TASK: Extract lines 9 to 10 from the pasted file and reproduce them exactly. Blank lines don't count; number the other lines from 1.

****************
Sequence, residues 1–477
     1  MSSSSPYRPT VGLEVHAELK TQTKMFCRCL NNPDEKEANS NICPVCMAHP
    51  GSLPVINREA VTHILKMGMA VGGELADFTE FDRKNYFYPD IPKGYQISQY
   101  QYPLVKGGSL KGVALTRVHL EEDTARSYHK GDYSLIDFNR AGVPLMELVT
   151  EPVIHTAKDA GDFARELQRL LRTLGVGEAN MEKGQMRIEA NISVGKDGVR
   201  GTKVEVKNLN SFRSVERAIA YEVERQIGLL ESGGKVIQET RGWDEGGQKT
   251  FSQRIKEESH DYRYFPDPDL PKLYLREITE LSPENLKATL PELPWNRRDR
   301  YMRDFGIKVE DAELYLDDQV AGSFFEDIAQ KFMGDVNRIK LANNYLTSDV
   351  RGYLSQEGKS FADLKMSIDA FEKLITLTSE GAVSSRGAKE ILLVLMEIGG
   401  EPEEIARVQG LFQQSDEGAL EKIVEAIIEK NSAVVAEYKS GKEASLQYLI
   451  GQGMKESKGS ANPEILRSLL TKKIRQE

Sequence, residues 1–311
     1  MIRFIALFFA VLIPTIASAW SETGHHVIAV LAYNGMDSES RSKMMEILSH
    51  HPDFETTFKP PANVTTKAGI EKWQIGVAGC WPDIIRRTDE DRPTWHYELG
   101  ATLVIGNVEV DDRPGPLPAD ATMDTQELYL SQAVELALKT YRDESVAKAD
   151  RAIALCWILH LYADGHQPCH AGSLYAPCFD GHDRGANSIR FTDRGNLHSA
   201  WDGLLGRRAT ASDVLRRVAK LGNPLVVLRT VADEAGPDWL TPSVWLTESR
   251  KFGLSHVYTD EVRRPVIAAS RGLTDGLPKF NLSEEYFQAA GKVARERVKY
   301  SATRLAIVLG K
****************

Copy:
   351  RGYLSQEGKS FADLKMSIDA FEKLITLTSE GAVSSRGAKE ILLVLMEIGG
   401  EPEEIARVQG LFQQSDEGAL EKIVEAIIEK NSAVVAEYKS GKEASLQYLI